On the latter point, the pope made remarks about the role of religion in English society. England, like other European countries, has struggled with the role of religion in a multicultural society.

Benedict XVI made his position quite clear early on in the visit:

“Even in our own lifetime, we can recall how Britain and her leaders stood against a Nazi tyranny that wished to eradicate God from society and denied our common humanity to many, especially the Jews, who were thought unfit to live. I also recall the regime’s attitude to Christian pastors and religious who spoke the truth in love, opposed the Nazis and paid for that opposition with their lives. As we reflect on the sobering lessons of the atheist extremism of the twentieth century, let us never forget how the exclusion of God, religion and virtue from public life leads ultimately to a truncated vision of man and of society and thus to a “reductive vision of the person and his destiny”.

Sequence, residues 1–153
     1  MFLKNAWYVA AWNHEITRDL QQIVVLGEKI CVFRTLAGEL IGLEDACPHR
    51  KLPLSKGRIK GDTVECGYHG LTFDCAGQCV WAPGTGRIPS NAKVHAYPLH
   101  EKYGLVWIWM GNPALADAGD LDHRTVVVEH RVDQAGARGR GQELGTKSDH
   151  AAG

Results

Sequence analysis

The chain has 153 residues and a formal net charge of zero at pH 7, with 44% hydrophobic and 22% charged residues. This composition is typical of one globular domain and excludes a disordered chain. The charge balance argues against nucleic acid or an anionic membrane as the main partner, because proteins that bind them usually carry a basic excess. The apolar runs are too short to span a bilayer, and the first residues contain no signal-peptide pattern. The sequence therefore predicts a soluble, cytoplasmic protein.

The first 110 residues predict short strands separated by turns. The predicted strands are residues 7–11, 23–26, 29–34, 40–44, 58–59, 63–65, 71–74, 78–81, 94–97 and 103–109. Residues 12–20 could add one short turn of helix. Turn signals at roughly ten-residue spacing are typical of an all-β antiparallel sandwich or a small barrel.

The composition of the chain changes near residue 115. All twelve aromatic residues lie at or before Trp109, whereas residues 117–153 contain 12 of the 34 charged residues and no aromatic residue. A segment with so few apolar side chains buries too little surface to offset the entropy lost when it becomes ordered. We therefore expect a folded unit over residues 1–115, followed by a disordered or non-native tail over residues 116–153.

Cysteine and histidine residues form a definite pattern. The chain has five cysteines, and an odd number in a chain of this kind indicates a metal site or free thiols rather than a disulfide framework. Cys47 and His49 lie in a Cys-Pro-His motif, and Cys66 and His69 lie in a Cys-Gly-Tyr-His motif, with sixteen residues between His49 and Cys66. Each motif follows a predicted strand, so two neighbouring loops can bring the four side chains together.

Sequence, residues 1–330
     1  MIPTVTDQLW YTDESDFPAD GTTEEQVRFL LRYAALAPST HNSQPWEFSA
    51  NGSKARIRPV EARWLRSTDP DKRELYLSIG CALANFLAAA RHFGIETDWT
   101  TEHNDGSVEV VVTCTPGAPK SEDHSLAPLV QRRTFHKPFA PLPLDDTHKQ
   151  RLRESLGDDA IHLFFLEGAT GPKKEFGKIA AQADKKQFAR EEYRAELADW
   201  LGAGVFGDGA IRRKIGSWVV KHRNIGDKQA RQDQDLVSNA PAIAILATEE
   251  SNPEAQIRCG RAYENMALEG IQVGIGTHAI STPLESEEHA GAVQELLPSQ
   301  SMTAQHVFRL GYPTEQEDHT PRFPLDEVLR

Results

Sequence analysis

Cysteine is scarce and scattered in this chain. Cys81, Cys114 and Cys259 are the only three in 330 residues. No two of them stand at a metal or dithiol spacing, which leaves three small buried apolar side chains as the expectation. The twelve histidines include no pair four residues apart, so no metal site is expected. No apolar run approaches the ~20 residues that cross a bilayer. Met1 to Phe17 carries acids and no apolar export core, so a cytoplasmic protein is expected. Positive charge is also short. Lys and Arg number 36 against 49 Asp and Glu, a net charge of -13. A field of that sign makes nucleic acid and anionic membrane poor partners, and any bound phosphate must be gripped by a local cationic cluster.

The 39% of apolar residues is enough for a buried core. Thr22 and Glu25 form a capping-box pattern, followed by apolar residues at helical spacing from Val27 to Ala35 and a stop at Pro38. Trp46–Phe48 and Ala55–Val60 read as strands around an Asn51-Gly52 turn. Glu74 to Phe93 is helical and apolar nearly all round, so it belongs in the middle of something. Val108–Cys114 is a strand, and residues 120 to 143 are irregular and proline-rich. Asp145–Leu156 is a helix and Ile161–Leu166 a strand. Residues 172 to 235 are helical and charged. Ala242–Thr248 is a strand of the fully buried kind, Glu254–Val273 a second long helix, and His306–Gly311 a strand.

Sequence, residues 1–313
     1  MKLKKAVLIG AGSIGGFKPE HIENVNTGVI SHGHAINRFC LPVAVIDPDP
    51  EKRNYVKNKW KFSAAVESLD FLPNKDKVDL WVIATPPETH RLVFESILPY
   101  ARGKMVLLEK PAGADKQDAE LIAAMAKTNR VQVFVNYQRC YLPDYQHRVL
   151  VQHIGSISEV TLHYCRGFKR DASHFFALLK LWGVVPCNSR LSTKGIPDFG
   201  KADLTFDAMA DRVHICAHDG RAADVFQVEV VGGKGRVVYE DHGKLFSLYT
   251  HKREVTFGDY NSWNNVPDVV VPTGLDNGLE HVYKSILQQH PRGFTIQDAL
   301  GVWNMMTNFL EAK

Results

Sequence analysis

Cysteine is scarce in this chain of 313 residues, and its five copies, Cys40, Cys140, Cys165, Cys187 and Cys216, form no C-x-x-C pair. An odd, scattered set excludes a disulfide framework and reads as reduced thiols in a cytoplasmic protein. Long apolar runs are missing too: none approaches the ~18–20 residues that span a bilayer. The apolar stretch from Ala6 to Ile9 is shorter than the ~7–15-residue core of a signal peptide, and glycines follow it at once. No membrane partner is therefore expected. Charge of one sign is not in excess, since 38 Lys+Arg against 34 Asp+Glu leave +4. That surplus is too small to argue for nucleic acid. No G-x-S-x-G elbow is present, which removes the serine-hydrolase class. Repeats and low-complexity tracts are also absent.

Many interpreted what he was saying to link Nazism and Atheism. In fact, he seemed to be arguing that excluding religion from public life results in an impoverished understanding of human nature and society. One might argue the merits of this, but it seems silly to discount those thinkers who have developed a deeply human and humane understanding of the human person and society without recourse to religious language.

In his remarks at Westminster Hall on Friday, Pope Benedict expanded on his remarks. To